If the "great aunt" is "great uncle"'s spouse, then she is probably not an heir at all. In any event, she probably isn't the sole heir. Since the will wasn't probated, and it wasn't your fault, it may not be too late to probate the will. If not, heirship and administration will need to be opened. In either event, you need a probate attorney in the County where your great grandfather lived at the time of his passing.See question
she also was part owner in some real estate property , left to her by her parents that died over 9 or 10 years ago but that estate was never settled. we are her survive children should we also be entitled to a portion of that?
You need to open probate for your mother's estate. If your siblings are cooperative, this likely will not be a laborious process and independent administration from court supervision is probable. You will need to prove the heirship to the court's satisfaction. In any event, the court will require that you are represented by an attorney and nothing about this process is "do it yourself." Concerning the grandparents' estates, if there was no court action, or the estate wasn't distributed, you may have to start probate. Regardless, you need to start with a probate attorney who works in the County where your mother lived at the time of her death.See question
My father is still alive and wishes to participate in discussions. I am the youngest of four siblings.
Your father, without our assistance, needs to pick an attorney and draft a will. That is how you get named executor. He names you in his will. Thus, he must do more than "participate in the discussions."See question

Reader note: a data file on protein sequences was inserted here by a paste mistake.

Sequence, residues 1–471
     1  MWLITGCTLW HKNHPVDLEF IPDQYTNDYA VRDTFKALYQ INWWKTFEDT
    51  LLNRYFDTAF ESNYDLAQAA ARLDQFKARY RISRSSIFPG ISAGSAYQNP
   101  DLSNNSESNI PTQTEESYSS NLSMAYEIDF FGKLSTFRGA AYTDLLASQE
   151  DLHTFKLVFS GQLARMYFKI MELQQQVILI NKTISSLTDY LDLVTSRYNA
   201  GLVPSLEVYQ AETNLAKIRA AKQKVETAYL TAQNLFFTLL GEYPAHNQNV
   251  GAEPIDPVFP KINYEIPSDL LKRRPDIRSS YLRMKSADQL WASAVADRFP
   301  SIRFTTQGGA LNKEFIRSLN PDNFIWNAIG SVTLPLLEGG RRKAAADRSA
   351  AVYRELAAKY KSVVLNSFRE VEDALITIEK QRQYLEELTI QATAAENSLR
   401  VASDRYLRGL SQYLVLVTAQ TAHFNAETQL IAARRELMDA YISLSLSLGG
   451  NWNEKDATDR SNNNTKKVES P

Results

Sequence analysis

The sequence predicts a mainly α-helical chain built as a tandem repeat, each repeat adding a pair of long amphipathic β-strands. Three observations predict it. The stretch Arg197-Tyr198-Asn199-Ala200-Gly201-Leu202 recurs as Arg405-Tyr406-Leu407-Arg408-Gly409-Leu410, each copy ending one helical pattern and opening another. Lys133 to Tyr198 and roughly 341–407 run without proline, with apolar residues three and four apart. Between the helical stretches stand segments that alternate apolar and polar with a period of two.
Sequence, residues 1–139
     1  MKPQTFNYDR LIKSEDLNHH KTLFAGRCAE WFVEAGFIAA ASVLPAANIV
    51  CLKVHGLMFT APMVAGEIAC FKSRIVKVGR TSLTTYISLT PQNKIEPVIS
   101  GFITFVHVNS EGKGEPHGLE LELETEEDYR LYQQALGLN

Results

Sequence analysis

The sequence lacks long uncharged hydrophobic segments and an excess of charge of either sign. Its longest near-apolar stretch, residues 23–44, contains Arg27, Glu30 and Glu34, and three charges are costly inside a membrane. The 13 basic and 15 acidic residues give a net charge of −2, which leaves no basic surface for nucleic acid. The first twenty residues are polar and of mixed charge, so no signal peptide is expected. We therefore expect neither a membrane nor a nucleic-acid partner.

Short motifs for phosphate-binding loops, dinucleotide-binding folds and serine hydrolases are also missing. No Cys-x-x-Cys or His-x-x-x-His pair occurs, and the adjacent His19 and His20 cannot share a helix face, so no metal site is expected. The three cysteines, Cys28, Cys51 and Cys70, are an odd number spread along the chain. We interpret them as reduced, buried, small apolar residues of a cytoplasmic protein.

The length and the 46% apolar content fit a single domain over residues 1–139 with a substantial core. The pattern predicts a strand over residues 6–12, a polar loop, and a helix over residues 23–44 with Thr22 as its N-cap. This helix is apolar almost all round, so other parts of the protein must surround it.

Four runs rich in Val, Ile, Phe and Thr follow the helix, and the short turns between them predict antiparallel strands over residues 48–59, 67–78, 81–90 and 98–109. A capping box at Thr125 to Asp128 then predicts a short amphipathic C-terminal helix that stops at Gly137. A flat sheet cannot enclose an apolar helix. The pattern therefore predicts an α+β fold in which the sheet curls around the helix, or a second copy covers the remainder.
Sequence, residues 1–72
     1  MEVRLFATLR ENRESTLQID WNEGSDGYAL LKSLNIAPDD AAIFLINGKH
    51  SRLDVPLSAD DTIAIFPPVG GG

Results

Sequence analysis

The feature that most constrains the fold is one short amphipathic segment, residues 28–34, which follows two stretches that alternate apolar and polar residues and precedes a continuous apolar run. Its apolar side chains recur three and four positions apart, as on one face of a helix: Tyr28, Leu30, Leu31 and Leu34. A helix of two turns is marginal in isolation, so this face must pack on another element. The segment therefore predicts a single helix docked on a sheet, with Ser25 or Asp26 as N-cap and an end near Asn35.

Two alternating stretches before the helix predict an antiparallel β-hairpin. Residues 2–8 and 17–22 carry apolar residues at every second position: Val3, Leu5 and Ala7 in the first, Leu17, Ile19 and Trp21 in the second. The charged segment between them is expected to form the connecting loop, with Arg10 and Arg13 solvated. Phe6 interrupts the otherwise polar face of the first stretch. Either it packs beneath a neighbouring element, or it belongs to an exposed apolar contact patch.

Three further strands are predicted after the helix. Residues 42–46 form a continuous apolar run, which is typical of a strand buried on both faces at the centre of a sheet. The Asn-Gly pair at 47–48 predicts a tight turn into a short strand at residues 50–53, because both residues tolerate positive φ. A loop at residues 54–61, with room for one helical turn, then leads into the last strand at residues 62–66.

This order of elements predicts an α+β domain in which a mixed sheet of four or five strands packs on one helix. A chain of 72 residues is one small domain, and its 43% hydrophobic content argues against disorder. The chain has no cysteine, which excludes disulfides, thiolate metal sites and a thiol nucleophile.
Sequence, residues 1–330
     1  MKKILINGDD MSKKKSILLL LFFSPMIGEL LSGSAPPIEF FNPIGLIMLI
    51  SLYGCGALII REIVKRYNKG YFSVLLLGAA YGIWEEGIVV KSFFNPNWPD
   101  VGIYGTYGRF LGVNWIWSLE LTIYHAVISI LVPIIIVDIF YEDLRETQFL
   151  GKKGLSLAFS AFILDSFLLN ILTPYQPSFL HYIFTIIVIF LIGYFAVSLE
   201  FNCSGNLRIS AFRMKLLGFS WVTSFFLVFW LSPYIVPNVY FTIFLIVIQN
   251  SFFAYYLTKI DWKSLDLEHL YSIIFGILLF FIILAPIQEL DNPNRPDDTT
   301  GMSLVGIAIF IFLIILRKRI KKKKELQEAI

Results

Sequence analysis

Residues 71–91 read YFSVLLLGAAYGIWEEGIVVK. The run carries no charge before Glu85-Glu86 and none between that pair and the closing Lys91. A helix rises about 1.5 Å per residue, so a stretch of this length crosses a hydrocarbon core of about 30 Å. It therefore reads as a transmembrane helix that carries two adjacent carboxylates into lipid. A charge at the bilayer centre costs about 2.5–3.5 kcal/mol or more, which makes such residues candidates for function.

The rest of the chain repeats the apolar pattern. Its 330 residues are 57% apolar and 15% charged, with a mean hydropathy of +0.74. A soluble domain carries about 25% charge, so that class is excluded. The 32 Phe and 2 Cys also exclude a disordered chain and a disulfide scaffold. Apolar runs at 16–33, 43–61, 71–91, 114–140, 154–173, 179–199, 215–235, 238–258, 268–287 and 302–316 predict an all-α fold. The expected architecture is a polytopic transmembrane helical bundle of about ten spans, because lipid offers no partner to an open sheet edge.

Myself and two siblings were named independent executors of our mothers will. The will has been probated for two years. Although the estate has not been settled because the third sibling is refusing to close estate until she receives property that...
It greatly depends on what is left to "close." If it is selling real estate, a title company will require all three to sign. If it is writing checks out of a bank account you are all signers, then that might be possible for 2 to override the third. Also, you will need to check the language of the will. Does it say anything about unanimous consent or majority consent is required for the executors to act? Bottom line, this is hard advice to give per email and needs to be reviewed throughly with an attorney to discuss your options.See question
My parents passed away and I am the legal executor of the will and older brother removed the will from my parent home and has not returned it so we can take care of legal matters.
The Estates Code has the perfect remedy. You will need an attorney, but you have your brother legally served and compelled to produce the will. Life will be much easier if you already have a copy. Once the will is delivered to the Court, probate should be straightforward. If you have a copy and brother lies about the whereabouts of the will, you should be able to probate the copy. You need to review the specific facts with an experienced probate attorney.See question
My step father recently died and had been living with me since 2008 after my mother died. He and my mother were never married but, together my entire life. He didn't leave a will and has absolutely no living blood relations. He has a little over t...
Unless the bank account lists you as to receive the funds per a right of survivorship or payment on death clause, you have no rights. A stepchild is not "next of kin", the stepchild is no kin at all. Everyone has living relatives -- they may be second cousins thrice removed and may never have met your Stepfather, but they are blood relations. They can open an estate; you can't. Bottom line, unless the bank tells you that you receive the money automatically, then you don't. A will would have been a great idea.See question